The Last King of Scotland and the Distinctive Look of Evil
The first time I saw a photo of Osama bin Laden after 9/11, I was taken aback and just stared with my mouth agape.
“I know, ” Sean replied to my silence, “He doesn’t look like the kind of man who would do this.”
“No, he doesn’t,” I said. He really didn’t. He looked peaceful. He looked grandfatherly. He looked like Gandhi. He looked very much like the way I picture Jesus.
Last week, Sean and I took advantage of Free Popcorn Night at the Lyric (aka Monday). We saw The Last King of Scotland. The film is about Uganda’s Idi Amin whose bloody reign killed an estimated 300,000. We both really enjoyed the movie and I continue to find it thought-provoking.
I believe the film excelled in depicting the initial appeal and charisma of Amin. You see him as jolly and happy, with such a big shining smile. You hear him with hearty laughs and watch him exchange jokes. You see his generosity. You see him as he empathizes with the residents of the smallest villages and as he inspires large crowds with his vision for Uganda.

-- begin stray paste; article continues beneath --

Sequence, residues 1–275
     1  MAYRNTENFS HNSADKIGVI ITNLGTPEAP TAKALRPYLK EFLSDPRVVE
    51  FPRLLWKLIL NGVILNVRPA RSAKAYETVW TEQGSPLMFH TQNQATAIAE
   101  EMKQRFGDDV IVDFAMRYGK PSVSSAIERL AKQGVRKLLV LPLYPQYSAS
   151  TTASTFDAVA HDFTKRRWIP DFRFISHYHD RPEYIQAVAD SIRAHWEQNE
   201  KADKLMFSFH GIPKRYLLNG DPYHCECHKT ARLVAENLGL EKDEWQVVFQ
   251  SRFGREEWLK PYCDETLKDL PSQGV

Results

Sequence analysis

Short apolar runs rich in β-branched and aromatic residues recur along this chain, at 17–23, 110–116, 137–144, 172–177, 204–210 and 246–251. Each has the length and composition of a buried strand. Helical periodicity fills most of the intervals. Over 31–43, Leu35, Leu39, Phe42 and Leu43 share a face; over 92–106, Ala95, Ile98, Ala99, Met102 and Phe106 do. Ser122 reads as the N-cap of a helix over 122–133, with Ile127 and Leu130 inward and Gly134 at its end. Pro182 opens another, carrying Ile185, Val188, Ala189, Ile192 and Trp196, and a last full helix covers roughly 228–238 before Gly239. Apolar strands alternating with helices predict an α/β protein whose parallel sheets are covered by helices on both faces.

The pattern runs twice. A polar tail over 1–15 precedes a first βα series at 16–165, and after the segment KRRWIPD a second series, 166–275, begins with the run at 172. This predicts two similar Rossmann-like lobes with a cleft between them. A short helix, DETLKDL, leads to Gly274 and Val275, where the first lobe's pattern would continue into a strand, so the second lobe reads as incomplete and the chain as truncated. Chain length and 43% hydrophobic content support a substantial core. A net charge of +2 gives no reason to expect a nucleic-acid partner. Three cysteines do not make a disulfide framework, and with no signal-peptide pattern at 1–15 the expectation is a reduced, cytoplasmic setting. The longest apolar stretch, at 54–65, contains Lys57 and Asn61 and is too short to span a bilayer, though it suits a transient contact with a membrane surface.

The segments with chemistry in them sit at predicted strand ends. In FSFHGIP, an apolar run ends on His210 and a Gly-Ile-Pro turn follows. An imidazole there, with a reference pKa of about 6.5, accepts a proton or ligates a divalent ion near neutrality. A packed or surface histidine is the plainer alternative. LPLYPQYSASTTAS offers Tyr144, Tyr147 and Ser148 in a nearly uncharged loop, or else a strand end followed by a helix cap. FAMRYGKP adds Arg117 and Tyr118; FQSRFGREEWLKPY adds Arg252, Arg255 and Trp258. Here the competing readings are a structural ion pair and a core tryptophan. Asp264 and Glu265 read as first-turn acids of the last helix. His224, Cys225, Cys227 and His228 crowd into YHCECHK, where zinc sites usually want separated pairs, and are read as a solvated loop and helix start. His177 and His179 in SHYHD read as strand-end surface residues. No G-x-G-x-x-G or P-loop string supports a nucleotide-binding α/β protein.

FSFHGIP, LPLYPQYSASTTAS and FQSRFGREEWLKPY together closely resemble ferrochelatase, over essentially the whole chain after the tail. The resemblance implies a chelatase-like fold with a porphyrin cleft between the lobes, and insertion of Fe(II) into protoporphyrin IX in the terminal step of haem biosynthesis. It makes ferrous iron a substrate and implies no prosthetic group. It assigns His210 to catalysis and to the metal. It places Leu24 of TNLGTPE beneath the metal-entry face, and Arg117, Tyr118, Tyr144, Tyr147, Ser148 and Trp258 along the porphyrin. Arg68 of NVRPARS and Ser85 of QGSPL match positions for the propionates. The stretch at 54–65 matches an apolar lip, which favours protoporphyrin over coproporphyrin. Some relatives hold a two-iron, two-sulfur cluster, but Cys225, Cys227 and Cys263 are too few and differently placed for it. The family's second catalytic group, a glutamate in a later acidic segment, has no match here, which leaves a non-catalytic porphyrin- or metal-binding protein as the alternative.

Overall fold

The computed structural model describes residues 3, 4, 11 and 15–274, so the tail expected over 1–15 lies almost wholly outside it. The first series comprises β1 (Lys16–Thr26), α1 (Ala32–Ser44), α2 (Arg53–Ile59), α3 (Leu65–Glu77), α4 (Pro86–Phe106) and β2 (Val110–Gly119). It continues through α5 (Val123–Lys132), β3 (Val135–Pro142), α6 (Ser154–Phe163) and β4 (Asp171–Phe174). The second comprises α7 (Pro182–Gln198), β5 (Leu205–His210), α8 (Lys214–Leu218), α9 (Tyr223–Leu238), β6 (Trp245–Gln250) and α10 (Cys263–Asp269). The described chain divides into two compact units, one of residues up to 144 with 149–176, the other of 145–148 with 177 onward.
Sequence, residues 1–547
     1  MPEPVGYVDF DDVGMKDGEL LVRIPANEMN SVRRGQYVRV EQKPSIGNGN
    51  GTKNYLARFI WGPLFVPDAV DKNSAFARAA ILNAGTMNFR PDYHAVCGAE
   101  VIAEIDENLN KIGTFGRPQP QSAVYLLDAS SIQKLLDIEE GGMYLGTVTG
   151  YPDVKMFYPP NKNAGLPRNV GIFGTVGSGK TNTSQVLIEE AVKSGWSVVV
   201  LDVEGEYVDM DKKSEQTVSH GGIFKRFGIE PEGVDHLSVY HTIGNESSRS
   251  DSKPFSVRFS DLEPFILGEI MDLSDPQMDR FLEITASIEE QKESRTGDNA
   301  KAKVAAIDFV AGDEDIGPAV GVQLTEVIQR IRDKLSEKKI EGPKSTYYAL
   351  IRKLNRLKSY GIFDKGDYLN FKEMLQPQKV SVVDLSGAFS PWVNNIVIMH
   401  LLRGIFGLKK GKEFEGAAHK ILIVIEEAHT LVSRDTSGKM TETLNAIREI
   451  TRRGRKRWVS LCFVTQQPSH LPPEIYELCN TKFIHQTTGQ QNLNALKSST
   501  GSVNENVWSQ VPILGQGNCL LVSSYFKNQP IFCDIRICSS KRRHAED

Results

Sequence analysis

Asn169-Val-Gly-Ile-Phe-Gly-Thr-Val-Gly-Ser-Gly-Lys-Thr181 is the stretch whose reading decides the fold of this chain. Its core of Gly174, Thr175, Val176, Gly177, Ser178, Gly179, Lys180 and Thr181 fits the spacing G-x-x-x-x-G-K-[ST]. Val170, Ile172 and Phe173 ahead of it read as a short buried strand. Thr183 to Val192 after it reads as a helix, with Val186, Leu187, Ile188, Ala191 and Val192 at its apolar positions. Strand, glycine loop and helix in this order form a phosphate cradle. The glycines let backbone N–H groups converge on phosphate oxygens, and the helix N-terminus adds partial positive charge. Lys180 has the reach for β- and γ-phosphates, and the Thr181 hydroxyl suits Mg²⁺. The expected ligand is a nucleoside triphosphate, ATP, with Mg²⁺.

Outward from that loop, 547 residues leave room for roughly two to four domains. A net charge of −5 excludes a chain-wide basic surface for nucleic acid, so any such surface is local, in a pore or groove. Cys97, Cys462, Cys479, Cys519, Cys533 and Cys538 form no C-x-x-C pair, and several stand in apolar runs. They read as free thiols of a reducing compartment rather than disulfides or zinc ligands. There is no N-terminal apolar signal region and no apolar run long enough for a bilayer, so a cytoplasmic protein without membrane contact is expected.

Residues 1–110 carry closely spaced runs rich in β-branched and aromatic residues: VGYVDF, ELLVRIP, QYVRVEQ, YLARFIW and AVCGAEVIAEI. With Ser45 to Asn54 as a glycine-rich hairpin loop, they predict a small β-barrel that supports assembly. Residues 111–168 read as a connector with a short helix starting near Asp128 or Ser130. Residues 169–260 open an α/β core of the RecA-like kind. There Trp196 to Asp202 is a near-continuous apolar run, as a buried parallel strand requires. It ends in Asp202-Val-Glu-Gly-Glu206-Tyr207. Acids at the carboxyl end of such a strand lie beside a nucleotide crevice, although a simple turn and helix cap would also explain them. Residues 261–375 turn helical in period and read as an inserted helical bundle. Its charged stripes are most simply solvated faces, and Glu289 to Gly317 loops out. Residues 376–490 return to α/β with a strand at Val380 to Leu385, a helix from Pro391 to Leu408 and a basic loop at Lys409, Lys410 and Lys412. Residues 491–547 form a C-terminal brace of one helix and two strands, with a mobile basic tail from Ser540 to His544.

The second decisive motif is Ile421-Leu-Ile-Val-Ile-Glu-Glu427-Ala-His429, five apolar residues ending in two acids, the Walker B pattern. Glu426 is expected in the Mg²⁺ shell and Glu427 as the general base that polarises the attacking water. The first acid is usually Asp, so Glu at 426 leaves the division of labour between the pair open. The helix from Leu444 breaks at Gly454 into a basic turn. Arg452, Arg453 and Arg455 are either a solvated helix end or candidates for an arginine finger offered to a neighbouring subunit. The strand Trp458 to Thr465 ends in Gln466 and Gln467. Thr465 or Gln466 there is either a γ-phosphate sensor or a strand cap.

Even as you start to get exposed to his darker sides and his paranoia, it’s just hard to look at him and think he is capable of such evil. How can a man with such good humour and who smiles so bright bring about so much death and destruction, so much hate and heartache?
So many people live their lives as if there is a magic formula to identifying evil. If Skin Color is X. If Religion is Y. If Sexual Preference is Z. If they smoke cigarettes. If, gawd forbid, they like heavy metal music. If they ride a skate board. If they wear veils in front of the faces, if they wear black trenchcoats, or even, if they wear a police uniform. But you can’t weigh the quality of a man’s heart by looking at his exterior. There is no distinctive look of evil. It can can be peaceful and harmless looking. It can be vivacious and smiling. Evil can look like just about anything.
I found “The Last King of Scotland” to serve as a good reminder of that.